The vast majority of us will never read a book detailing the laws of the land we inhabit. Most of us will not study sociology or anthropology, either. Citizenship is on the syllabus for teenagers in the UK, but this is a relatively new thing. The norm and regulations that hold our cultures together are not formally taught, for the greater part. Social etiquette, expectation and the nuances of human interaction will never be part of those citizenship classes, either.
We learn a great deal by observing the behaviour of those around us. Our families and immediate neighbours supply us with information from the moment we are born. With the acquisition of language comes a vast array of tradition, assumption, belief, prejudice and ‘socialising’ alongside plenty of useful information about how the world works and how we should act. School introduces us to further social learning alongside the formal subjects. Sometimes what we pick up there doesn’t fit with what we already know, which can make life complicated. All new experiences have the potential to make us reconsider our views. Work spaces, neighbourhoods, and fashions oblige us to undertake lifelong learning just in order to fit in.
For many people, the birth family also includes a technological member, beaming a whole array of tradition, assumption, belief, prejudice, social norms and useful things into our minds: many of us learn our core cultural ideas from our televisions and the internet. Before that, radio, books and newspapers filled a similar niche. Go back further and broadsheets, song sheets, the church and travelling theatre provided a similar, if reduced service. This pattern must go all the way back to the story tellers around the first camp fires, and I like to think it’s a lineage that includes the Druids of old. I’ll be back to dabble further in wild speculation later on. For now, let’s focus on what we know.No one sits a child down and explains to them the entirety of what is right and what is wrong by the standards of the society they live in. However, messages about how to behave are spoonfed to children from their earliest days.
Once upon a time, there was a beautiful princess, who was good and kind and liked soft, furry mammals. She had a lazy sister who was greedy and mean.
Fairy stories are full of these figures – characters who uphold virtues and are rewarded, alongside others who represent vices and are there to be punished. It is to a large extent through stories that we convey cultural values and absorb our earliest notions about how the world works.As we grow up, the stories and characters shared with us tend to get a bit more complex. However, every story (book, film, play, TV program, video game) that comes out of a culture is born to some extent from that culture’s values and assumptions. Consider the way in which the American film industry celebrates the hero with a gun in his hands. Think about the entirely unrealistic romance stories we keep generating. We give children the most surreal, brightly coloured, patronising and inane content to teach them… What? Not about the real world outside their doors, of that I feel certain. Then there are the soap operas and daytime reality and talk shows, full of angry and disrespectful language, verbal abuse, freak show treatments and a lot of shouting. The stories we tell to each other frequently scare me. So often, the solutions we’re offered revolve around violence, death, or having the loudest voice and the least willingness to listen or compromise. We offer abusive, destructive relationships as some kind of romantic ideal (Twilight, Fifty Shades), and we play games about killing things.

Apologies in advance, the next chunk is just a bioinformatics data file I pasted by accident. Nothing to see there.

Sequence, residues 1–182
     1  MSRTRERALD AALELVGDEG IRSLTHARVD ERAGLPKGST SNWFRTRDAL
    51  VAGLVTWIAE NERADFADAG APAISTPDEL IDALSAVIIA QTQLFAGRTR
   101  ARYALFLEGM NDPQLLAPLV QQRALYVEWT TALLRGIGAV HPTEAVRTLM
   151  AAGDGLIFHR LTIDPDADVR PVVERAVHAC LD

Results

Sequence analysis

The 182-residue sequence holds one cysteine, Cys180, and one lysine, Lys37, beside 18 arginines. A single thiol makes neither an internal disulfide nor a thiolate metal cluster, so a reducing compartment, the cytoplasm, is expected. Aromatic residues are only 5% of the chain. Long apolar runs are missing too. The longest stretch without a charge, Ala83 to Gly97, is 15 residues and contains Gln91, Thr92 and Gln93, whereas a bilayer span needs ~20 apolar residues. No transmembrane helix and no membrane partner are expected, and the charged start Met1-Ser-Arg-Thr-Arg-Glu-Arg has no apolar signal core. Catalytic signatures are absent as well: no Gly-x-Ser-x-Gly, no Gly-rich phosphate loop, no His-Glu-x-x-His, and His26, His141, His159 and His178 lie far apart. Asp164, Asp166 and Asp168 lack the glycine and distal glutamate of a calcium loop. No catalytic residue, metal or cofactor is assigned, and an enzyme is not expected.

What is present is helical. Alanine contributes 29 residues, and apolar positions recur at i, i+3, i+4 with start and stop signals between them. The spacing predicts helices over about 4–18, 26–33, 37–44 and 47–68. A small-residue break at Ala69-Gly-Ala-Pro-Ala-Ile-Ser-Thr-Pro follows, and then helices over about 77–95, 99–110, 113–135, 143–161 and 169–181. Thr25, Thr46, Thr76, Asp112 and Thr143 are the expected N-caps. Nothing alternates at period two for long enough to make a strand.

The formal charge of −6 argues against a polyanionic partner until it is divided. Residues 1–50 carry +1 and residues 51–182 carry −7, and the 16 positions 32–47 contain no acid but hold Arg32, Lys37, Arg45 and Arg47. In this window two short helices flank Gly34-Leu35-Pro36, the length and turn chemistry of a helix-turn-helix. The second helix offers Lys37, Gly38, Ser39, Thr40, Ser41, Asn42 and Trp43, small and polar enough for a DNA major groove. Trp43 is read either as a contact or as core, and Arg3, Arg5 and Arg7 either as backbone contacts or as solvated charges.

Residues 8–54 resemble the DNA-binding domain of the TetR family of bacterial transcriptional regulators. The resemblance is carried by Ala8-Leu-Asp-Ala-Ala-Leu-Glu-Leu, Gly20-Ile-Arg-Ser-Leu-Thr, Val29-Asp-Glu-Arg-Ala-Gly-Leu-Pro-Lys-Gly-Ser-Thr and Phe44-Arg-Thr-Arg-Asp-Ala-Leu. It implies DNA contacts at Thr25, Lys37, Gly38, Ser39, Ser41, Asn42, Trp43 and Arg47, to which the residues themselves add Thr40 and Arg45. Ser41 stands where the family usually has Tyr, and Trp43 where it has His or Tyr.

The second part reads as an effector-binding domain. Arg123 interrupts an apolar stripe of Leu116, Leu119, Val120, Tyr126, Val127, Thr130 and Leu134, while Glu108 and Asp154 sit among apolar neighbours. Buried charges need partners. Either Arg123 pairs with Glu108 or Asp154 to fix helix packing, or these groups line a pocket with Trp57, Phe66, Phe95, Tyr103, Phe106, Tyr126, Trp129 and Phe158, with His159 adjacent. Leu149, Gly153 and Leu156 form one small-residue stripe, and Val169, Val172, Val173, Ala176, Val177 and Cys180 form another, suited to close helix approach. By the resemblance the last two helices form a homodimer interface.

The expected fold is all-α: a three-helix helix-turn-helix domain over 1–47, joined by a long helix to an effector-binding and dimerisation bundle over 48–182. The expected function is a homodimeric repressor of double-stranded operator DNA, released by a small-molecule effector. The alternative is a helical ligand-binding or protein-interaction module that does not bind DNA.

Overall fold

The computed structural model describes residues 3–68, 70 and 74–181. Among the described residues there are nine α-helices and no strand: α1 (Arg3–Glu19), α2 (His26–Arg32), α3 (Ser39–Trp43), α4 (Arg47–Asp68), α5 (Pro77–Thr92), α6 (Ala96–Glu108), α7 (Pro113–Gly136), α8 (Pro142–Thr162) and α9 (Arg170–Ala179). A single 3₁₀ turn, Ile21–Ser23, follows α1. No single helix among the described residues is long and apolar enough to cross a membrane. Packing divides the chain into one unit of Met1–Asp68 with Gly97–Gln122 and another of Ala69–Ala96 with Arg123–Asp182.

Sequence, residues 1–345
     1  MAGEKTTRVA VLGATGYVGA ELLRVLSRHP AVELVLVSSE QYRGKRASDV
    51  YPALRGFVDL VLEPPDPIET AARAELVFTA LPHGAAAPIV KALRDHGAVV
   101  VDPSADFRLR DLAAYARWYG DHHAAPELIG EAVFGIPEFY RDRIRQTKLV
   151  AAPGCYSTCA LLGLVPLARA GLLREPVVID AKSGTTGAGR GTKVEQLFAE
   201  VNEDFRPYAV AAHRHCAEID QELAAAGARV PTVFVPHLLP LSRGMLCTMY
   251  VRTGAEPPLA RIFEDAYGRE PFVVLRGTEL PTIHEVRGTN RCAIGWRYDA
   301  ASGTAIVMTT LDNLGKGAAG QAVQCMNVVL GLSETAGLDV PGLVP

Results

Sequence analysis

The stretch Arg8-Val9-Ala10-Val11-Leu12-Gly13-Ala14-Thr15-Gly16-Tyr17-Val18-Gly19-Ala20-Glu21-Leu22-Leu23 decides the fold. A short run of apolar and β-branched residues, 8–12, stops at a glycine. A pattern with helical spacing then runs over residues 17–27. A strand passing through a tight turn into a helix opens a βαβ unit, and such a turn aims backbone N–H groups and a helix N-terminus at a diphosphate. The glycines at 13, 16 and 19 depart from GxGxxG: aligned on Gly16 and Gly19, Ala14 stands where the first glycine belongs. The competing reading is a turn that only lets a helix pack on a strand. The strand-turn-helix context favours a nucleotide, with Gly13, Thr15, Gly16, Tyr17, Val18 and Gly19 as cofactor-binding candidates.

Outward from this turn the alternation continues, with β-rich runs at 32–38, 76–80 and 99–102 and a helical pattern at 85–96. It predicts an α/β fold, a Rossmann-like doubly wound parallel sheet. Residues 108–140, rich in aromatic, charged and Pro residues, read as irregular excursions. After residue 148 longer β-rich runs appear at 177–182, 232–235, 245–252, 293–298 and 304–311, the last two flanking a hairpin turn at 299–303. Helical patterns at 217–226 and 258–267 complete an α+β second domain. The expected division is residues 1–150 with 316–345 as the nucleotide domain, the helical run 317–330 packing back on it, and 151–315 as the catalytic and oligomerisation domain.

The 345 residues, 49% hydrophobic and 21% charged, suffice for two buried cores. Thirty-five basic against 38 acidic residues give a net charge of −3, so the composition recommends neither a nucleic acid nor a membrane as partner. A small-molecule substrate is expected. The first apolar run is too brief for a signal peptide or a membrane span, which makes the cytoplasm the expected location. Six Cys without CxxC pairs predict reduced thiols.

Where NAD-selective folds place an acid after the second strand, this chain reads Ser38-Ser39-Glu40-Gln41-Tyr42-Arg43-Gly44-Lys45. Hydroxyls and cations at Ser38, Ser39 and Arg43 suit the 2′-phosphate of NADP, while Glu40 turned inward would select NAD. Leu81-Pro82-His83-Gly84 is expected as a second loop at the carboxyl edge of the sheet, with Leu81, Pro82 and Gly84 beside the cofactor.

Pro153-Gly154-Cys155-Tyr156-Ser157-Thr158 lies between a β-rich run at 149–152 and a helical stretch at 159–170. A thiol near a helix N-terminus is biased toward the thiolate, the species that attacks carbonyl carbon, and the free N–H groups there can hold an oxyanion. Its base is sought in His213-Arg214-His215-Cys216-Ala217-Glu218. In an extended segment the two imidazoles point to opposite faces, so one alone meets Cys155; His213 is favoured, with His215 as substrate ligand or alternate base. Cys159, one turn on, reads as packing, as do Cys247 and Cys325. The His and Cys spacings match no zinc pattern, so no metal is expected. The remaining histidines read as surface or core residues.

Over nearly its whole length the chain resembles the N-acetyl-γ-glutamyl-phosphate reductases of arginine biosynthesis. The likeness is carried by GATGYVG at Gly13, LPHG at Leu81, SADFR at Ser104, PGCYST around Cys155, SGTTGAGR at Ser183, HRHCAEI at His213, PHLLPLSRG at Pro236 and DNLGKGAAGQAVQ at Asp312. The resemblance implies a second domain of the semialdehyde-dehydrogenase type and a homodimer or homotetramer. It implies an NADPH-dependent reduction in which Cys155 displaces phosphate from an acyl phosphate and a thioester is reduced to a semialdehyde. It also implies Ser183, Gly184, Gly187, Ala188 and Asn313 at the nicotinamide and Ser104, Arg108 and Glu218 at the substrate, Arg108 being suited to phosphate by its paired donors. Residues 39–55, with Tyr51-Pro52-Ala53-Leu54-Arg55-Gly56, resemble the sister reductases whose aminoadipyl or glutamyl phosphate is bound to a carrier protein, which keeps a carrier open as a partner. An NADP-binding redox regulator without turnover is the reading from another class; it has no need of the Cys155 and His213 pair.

Stories are incredibly powerful things. They give us archetypes to draw on as we try, in our earliest years, to develop a sense of self. Stories take us outside immediate experience and show us a wider world, giving models for behaviour and ideas about how we may want to live our lives. Stories in any form have the potential to inform, inspire, uplift and enrich. This should be food for the soul. Turn on your television and watch the angry, the shouty, the attention-hungry, and the violent, or yet another advert-story that will sell you ideas of your own insufficiency to create demand for some needless product. Soul food stories are in short supply for many people.
Once upon a time there was a person who everyone had previously thought wasn’t clever or talented or important in any way. That person got onto a TV program. Everyone fell in love with them and voted for them, and so they became rich and famous and lived happily ever after.
This is the fairy story of our times in which no one mentions industry wolves, dragons of mental breakdown or the wicked step mother media. Once upon a time the fairy stories had grains of useful truth in them: Stay on the path. Don’t steal from witches. Be polite. Get off your arse and make an effort, because success will not beat a path to your door. Now we make marketing fairy tale about impossibly perfect families who live in impossibly perfect homes, and depression is a widespread ailment.